Jaime says platforms like theirs produce a unique connection with fans: “We allow you to have a certain skin in the game. We allow you to take your passion to another level without it being just the result that matters. Whether your favorite team won 2-0 or lost 2-0, that’s only what happens when the game is over. With us, every microsecond, every play, every micro-moment counts. We call it the game within the game. If Cristiano Ronaldo made 14 passes, that would give points. If César Azpilicueta, another of our investors, made three slide tackles, that’s points. If Travis Kelce had 178 yards, that gives points. It’s this connection that the fan has not only with the sport, leagues, or clubs, but they take it to a personal level. And then they start following more players, seeing the sport with another level of passion.”


Alán Jaime, CEO of Draftea, during the announcement of the deal with the NFL. (Photo: Draftea)

Alán Jaime had a brief stint as a soccer player in the Mexican third division before studying law, working as a lawyer, and years later ending up doing an MBA at Stanford, which marked his entry into the world of startups and technology. 

“With my co-founders and the team we put together at the beginning, the idea was always how we take Draftea to be the platform that allows sports enthusiasts to take their passion to another level and how we allow them to put together their dream teams and compete against other people for glory and for money.”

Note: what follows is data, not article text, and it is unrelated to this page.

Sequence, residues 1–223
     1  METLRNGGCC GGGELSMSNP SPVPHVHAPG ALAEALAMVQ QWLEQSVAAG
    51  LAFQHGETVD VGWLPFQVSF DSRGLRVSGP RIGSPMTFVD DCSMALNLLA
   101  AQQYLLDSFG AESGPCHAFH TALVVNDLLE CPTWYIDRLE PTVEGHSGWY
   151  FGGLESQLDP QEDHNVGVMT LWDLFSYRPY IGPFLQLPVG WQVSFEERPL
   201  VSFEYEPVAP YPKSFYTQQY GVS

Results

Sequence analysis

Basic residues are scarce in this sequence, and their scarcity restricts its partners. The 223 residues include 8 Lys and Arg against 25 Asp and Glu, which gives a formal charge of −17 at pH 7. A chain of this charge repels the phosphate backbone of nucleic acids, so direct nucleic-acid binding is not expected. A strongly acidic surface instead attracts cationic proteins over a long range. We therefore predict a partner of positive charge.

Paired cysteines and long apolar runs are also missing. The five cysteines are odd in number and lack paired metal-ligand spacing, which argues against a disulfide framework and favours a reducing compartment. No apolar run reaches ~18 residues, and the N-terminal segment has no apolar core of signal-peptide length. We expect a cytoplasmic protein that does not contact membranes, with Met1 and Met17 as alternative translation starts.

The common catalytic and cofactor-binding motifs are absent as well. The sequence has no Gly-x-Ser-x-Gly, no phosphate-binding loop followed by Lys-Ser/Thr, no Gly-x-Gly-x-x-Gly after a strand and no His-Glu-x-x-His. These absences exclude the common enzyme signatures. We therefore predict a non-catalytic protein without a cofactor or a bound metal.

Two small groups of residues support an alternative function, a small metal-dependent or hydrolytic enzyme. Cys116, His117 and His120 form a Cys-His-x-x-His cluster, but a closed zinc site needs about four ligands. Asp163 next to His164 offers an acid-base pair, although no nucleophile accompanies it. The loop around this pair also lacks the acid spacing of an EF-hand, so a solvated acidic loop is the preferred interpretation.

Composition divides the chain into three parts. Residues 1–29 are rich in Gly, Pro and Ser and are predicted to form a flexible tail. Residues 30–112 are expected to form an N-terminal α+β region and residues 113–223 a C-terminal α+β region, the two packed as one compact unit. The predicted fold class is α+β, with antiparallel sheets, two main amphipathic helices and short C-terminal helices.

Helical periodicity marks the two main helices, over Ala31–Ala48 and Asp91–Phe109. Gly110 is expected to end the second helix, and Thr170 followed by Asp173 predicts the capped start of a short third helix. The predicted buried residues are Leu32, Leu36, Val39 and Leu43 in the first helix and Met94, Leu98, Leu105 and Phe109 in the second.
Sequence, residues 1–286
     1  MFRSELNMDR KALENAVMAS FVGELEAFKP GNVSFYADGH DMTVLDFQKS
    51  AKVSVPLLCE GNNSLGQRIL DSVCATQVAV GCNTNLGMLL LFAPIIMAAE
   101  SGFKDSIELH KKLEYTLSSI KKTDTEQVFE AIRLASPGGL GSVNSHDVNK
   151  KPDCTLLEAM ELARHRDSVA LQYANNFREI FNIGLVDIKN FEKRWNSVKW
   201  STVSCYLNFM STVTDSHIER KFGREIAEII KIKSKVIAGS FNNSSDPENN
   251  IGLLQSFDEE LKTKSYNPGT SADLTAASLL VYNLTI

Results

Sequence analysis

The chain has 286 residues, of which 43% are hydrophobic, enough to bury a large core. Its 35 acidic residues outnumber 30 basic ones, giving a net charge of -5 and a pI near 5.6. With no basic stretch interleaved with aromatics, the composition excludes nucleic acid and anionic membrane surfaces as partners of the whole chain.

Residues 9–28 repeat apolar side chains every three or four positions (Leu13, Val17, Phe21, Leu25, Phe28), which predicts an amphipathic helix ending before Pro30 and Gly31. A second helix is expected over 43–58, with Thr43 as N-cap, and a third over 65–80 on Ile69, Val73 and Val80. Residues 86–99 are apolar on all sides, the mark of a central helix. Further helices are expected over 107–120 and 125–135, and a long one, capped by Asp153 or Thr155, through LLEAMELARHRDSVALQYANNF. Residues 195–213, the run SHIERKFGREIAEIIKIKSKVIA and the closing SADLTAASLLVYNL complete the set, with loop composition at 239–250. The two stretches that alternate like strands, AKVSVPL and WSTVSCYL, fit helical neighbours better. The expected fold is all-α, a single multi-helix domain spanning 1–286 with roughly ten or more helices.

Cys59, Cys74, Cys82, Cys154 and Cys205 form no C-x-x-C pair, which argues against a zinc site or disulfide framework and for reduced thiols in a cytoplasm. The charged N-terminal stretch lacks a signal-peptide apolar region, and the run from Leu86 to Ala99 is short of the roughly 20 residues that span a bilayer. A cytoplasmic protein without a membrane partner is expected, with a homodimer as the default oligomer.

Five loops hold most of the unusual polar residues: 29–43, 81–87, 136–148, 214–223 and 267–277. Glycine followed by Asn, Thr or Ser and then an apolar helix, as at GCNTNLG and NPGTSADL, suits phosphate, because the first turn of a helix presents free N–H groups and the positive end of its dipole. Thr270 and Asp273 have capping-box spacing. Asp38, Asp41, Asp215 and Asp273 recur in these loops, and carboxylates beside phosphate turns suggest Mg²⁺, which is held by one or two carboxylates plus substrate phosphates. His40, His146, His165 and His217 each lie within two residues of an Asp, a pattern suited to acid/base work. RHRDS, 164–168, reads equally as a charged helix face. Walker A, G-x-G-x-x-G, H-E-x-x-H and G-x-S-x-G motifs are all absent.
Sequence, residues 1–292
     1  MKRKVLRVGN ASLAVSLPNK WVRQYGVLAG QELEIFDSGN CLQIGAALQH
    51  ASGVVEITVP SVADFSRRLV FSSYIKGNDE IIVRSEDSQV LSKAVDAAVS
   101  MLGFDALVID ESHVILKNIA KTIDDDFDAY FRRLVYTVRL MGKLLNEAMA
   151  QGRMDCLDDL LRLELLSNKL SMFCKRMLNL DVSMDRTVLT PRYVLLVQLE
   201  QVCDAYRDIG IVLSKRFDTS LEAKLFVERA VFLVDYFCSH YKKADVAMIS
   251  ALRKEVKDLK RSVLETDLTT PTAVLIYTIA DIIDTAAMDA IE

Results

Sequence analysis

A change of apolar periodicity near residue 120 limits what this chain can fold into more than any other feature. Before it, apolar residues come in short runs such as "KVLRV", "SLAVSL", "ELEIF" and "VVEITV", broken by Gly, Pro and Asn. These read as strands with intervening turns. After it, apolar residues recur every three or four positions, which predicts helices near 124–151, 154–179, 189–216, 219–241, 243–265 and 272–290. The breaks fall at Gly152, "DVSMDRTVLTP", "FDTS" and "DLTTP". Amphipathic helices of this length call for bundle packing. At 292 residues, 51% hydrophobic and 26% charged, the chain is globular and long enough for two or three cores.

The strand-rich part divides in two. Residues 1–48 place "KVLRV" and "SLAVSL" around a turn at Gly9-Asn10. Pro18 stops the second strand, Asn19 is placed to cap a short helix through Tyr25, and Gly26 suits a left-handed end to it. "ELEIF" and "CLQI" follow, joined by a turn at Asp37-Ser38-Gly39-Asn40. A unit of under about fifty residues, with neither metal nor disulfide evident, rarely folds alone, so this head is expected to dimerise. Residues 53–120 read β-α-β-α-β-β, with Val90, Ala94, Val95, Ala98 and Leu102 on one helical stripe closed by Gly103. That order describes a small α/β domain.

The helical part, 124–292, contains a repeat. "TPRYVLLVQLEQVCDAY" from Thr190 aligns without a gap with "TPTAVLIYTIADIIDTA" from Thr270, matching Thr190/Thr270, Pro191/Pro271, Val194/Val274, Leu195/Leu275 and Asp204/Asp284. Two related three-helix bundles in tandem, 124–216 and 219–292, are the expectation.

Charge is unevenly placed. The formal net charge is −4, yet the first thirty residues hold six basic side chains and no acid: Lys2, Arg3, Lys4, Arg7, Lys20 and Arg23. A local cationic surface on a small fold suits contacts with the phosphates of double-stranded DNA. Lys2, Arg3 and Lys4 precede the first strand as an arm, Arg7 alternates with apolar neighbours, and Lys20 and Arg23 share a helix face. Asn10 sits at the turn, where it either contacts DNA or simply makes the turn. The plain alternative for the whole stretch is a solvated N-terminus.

The startup founded by Jaime had a US$13 million seed round led by Kaszek in January, a US$4 million seed round in March, and a US$20 million Series A led by Stepstone Group in September. Apart from the amounts and the VCs’ status (they are also backed by Sequoia, which made its first investment in a startup based in Mexico), the involvement of world-class athletes as angel investors was especially striking: Travis Kelce, Paul Gasol, Iker Casillas, Cristiano Ronaldo, Kevin Durant, and the manager Jorge Mendes among them.

-Do they participate directly as angels, or do they work with someone who represents them?